Goa’s culinary scene holds more than the divine promise of platefuls of the freshest catch from the sea. Sure, get your fill of fish-curry-rice from roadside eateries and local brews in buzzing little tavernas, but also stop by a grocery store to stock up on the state’s best souvenirs—of the edible kind.
Loaded with egg yolks, coconut milk, and sugar, it’s easy to identify this decadent Portuguese-inspired dessert because of its layers. A bebinca can have from seven to 17 (or more) layers—depending on the time and ingredients at hand. Because it’s baked a layer at a time, it can take up to eight hours to make. While the basic ingredients stay the same, there are slight variations in flavour across Goa. Simonia’s bakery in Porvorim makes great bebinca and a block costs around ₹150.
This potent local brew comes with a pungent aroma and its very own Geographical Indication (GI) tag. Feni is distilled from either coconut or cashew. Though cashew was introduced to the region by the Portuguese from its colonies in Brazil, feni is distinctly Goan. The 90-proof liquor is best consumed on the rocks or with soda, with a dash of lime and salt. Prices vary by brand and can go as low as ₹65 a litre; Cazulo at ₹450 for 750 ml is a good premium option.
Reminiscent of rosaries, Goan chorizo are plump beads of spicy pork strung together in a chain. Chorizo-pao (hot buns stuffed with the pungent sausage) disappears from local bakery counters quicker than you can say “Hail Mary.” A hearty Sunday lunch in a typical Goan home often comprises chorizo cooked with hunks of potato and onion, and served with pao or pulao. It is best to buy them from the local women at Mapusa, Madgaon, or Panjim markets. Prices vary, starting at ₹150 for 200 gm.
The poders or breadmakers of Goa sell their freshly baked bread from giant baskets attached to their bicycles. There’s a lot to choose from—the scissor-like katreancho-pao, the bangle-shaped kankonn, and my favourite, the flat and thick bran poyie. Stock up on about a dozen of these and store them in a freezer back home. Pop a few in the microwave for a short warm-up, and your quiet morning with coffee and fried eggs may as well be in Goa. Prices start from ₹2 per pao.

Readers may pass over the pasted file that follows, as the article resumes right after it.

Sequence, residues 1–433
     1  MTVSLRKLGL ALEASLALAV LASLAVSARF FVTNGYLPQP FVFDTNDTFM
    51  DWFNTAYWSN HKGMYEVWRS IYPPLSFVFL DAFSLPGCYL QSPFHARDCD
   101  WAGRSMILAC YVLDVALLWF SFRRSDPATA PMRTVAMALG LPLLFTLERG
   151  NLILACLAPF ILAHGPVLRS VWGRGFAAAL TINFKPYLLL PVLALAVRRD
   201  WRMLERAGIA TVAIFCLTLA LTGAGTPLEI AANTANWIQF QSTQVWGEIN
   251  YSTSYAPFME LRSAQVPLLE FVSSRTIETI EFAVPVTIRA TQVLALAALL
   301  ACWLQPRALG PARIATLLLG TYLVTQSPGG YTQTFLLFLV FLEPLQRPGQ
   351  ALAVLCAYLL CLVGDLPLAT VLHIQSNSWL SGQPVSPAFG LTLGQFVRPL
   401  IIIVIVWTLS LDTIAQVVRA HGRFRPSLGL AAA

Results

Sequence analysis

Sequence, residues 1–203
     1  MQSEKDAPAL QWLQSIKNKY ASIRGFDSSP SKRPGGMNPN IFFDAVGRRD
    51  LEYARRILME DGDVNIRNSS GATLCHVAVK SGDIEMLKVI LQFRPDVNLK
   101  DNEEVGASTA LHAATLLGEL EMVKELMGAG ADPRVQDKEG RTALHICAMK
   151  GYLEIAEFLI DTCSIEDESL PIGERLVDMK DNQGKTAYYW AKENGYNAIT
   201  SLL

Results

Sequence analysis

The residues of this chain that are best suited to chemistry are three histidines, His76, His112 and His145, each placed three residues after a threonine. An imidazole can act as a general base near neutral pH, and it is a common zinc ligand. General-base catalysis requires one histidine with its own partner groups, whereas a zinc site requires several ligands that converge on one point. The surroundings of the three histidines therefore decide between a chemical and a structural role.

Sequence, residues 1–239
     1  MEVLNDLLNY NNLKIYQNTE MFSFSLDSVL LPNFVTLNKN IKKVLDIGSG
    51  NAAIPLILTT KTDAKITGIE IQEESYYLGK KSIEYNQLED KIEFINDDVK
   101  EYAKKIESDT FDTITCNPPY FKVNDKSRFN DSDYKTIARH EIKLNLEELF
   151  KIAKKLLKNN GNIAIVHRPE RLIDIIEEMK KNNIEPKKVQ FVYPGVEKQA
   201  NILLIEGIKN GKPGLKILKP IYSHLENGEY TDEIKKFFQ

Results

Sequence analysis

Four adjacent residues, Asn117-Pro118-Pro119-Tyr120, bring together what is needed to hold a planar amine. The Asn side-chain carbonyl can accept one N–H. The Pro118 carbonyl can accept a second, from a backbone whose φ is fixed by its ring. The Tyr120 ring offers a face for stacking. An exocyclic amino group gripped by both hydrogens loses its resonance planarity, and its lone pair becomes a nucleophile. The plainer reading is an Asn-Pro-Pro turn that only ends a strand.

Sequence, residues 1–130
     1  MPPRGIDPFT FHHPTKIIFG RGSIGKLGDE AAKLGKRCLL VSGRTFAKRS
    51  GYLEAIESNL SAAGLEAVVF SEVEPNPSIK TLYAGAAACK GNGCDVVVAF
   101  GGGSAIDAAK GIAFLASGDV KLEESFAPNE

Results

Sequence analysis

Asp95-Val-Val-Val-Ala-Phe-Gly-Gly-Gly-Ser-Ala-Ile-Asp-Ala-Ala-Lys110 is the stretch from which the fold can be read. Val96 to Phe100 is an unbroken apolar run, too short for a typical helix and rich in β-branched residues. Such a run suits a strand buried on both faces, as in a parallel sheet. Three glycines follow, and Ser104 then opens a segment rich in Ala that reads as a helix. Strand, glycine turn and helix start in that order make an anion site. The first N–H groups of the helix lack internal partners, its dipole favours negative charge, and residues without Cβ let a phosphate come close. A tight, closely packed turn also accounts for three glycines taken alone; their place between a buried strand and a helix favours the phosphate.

Derived from the dried peels of seasonal fruits like kokum or mango, solam (pronounced sola) packs a tart punch. The fruit peels are soaked in the fruit’s juice, salted, and dried in the sun. Solkadi, a cooling drink served at the end of Malvani meals combines kokum solam with coconut milk, green chillies, salt, and mustard seeds. In Goa, mango solam adds a distinct flavour to fish curries. Available at neighbourhood grocers for around ₹30 per 100 gm.
The star ingredient of the Goan-style stuffed fried mackerel is recheado masala. Recheio translates to filling in both Portuguese and Konkani, and the fish is slathered with the bright red spice mix before frying. The masala is a finely ground paste of dried chillies, garlic, ginger, turmeric, pepper, cloves, cinnamon, cumin, salt, and sugar with a generous splash of vinegar. While locals swear by their homemade masala, Karma’s is a good brand to look out for. A 200 gm packet costs ₹65.
Appeared in the July 2016 issue as “Gifts from the Goan Corner”.
is Features Writer on National Geographic Traveller India's web team. She loves beaches, blue skies, and baking, and is most centred while trying a new cake recipe. She tweets as @thefabmonteiro.
Hey there! Like what you see (or not)? Tell us what you think at firstname.lastname@example.org.